Archive for September, 2015

September 29, 2015

#97) An open letter to the moon

Dear The Moon,

Sorry I missed you last night. Yeah, I know: Earth was between the sun and yourself; Jupiter aligned with Mars and Saturn was next to Tatooine. It made you appear as you hadn’t since 1982 and won’t again until 2033. All of my friends posted awesome photos on their various social media sites. I could have probably walked out into my back yard and had a look and I didn’t.

I said I was sorry.

But at least I learned something. No, I don’t care any more about astronomy than I did yesterday; no, I’m not eagerly anticipating 2033; yes, I believe that, when asked about last night one year from now, most people–even those who shared their time-lapse photos and striking close-ups–will say, “The what-now?”

What I learned was this: at a certain age, it’s really hard to get off one’s ass without having a personal stake in doing so. It varies by the individual: maybe it’s 30; 50; in my case, 40. Call me to invite me to go with you and see the moon from the Griffith Observatory? My laziness may prevail anyways, but at least I’ll consider. Post about it online? Great, knock yourself out.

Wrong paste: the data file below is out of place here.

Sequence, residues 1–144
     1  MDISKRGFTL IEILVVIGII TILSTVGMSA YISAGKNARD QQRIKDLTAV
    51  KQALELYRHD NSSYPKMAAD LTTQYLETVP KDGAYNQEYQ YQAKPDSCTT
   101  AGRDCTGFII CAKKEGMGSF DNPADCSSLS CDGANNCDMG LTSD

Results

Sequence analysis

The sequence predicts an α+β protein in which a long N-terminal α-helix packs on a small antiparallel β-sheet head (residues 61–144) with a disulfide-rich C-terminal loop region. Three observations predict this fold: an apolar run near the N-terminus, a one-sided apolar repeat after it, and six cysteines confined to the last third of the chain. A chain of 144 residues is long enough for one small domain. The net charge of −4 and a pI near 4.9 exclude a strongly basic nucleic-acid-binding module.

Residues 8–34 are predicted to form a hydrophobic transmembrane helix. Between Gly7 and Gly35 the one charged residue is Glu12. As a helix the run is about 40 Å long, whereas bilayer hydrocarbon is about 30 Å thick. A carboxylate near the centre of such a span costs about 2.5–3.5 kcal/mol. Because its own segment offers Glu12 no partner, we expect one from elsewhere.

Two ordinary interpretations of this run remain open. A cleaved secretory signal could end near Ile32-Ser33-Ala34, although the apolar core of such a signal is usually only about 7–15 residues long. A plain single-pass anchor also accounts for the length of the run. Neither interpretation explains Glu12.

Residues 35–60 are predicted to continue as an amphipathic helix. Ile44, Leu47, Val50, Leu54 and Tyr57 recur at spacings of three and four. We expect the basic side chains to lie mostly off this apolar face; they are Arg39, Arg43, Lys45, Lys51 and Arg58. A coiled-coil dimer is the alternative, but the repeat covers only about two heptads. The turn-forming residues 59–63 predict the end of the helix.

The obvious question about my blase attitude is, what if the shoe were on the other foot? What if I was trying to get people to notice, oh, I don’t know, say, a blog about hiking or an instrumental jazz-rock power trio? Well, The Moon, I may have missed your big show last night but I can promise this: I will look inward. I will ask myself, if I can’t be bothered to walk twenty paces to look at a celestial event that hasn’t happened since Dale Bozzio was burning up the Billboard charts and won’t happen again until she is 78 years old, why should anyone care about what I’m up to? I’ll need to personalize it in a way that, sadly, you were not personalized for me last night.

Maybe in ’33 I’ll have a different outlook. Maybe I’ll be more actively appreciative of the world around me; it worked for a buddy of mine who got into hiking as a way of dealing with his mother’s death and his divorce. Maybe my blogs will have made me millions and I’ll be able to watch the spectacular show from a rooftop deck in my Malibu home. Maybe I’ll be more understanding when people pass me by. Either way, though I missed you this time, I appreciate the teachable moment.


David Lockeretz